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International News

South Africa: HIV-Infected Activist Abandons Pledge Not to Take AIDS Drugs Until They Are Widely Available

August 5, 2003

A note from TheBody.com: Since this article was written, the HIV pandemic has changed, as has our understanding of HIV/AIDS and its treatment. As a result, parts of this article may be outdated. Please keep this in mind, and be sure to visit other parts of our site for more recent information!

South Africa's preeminent AIDS activist will abandon his pledge of refusing lifesaving AIDS medicines, ending an unsuccessful attempt to force the government to provide the medicine for HIV-infected people.

Zackie Achmat, who has been HIV-positive for years, accused South Africa's leadership of not caring about the lives of those infected with HIV. "I am not going to die because they want us to die," Achmat, head of the Treatment Action Campaign, told a cheering crowd outside an AIDS conference in Durban.

Nathan Geffen, a TAC spokesperson, said Achmat will begin taking generic versions of AIDS drugs after receiving appropriate medical testing. "We need Zackie to live through this and not become a victim of the government's denialism and arrogance," said Geffen.

By refusing to take the medicine until it was provided to poor South Africans, Achmat attracted worldwide attention to the often criticized AIDS policy of Thabo Mbeki's government. Many see his sacrifice as the country's second liberation struggle, and his efforts caught the attention of former President Nelson Mandela, who, in a show of solidarity, visited Achmat last year.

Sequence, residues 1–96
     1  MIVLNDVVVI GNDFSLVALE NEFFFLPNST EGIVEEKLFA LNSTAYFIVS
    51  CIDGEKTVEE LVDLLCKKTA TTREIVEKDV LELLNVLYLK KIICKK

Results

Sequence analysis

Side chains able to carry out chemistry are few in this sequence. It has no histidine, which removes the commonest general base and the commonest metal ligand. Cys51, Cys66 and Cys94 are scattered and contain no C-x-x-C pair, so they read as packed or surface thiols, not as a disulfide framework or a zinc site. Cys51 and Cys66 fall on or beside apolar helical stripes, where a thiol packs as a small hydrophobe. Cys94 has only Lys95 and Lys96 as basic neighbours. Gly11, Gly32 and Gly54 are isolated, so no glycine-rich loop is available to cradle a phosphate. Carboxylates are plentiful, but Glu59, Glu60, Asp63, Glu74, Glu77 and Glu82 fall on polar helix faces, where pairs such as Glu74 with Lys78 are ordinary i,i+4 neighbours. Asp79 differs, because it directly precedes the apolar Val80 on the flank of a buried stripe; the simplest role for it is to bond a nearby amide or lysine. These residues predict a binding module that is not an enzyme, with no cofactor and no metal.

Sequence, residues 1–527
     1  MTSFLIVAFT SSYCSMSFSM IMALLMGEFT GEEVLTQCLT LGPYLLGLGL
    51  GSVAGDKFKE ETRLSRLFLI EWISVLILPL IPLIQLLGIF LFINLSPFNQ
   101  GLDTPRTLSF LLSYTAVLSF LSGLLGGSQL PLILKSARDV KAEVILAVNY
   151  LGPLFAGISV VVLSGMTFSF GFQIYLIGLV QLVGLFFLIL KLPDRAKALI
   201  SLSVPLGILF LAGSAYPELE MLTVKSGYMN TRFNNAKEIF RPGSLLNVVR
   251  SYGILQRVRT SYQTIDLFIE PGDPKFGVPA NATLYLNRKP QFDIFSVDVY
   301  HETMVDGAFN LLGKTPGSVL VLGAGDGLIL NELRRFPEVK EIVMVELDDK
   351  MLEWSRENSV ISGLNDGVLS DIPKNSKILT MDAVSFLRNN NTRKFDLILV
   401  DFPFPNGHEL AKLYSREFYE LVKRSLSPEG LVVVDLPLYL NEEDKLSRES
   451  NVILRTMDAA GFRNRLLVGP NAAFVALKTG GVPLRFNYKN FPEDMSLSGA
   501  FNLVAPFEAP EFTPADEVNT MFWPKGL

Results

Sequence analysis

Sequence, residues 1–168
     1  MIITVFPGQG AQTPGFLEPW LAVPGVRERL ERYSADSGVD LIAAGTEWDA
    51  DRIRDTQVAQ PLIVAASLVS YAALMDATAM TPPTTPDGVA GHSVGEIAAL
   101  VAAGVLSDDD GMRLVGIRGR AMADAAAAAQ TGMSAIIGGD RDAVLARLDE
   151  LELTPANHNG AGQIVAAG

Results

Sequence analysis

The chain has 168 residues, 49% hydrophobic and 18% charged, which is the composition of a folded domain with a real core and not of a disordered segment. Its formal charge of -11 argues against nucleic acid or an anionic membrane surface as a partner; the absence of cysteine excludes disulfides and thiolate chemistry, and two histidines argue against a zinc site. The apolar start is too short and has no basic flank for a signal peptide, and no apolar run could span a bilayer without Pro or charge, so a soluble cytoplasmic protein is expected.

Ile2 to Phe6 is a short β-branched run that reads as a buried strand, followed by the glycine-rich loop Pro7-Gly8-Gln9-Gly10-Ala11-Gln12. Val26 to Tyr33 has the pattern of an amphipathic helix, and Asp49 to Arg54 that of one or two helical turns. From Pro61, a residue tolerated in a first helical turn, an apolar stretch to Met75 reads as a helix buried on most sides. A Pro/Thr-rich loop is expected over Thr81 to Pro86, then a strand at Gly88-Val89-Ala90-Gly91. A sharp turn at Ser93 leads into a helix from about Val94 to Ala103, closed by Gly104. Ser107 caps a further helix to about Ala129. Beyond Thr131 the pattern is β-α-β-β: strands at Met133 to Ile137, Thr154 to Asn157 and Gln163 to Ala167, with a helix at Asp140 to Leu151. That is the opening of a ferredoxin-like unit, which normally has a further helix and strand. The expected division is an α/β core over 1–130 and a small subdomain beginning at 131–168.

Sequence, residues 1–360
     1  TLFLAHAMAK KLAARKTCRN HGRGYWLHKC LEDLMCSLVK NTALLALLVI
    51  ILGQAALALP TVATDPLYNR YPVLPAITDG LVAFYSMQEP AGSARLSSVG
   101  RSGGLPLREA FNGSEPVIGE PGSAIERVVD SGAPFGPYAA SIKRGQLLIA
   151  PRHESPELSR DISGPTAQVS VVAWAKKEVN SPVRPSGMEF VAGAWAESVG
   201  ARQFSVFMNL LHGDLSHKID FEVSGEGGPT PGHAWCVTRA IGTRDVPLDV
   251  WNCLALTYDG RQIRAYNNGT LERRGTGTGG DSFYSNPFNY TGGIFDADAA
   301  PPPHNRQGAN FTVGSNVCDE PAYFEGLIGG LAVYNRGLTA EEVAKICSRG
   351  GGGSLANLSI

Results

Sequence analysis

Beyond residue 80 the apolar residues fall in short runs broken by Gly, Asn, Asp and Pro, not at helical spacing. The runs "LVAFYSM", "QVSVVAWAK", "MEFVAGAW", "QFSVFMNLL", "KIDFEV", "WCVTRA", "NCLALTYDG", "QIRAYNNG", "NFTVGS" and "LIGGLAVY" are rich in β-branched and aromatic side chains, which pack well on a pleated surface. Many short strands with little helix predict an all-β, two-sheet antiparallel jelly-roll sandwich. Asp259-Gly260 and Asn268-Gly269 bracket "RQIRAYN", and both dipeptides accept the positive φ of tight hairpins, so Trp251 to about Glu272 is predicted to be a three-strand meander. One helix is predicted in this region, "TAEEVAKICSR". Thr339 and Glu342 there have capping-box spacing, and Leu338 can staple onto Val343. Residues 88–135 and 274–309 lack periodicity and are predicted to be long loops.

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Achmat's decision came as TAC announced a second wave of civil disobedience. TAC is demanding the resumption of negotiations between the government, business and civil society on establishing a cohesive national AIDS policy.

Dr. Kgosi Letlape, chair of the South African Medical Association, praised Achmat's decision and hopes his improvement will make him an example of the drugs' effectiveness. "It is high time that South Africans see that these drugs are lifesavers," said Letlape. Marta Darder, coordinator of Doctors Without Borders' access to essential medicines campaign, especially welcomed Achmat's choice to take generic drugs, a symbolic nod to efforts to reduce the cost of the medicines.

Back to other news for August 5, 2003

Adapted from:
Associated Press
08.05.03; Elliott Sylvester

A note from TheBody.com: Since this article was written, the HIV pandemic has changed, as has our understanding of HIV/AIDS and its treatment. As a result, parts of this article may be outdated. Please keep this in mind, and be sure to visit other parts of our site for more recent information!



  
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This article was provided by CDC National Prevention Information Network. It is a part of the publication CDC HIV/Hepatitis/STD/TB Prevention News Update.
 
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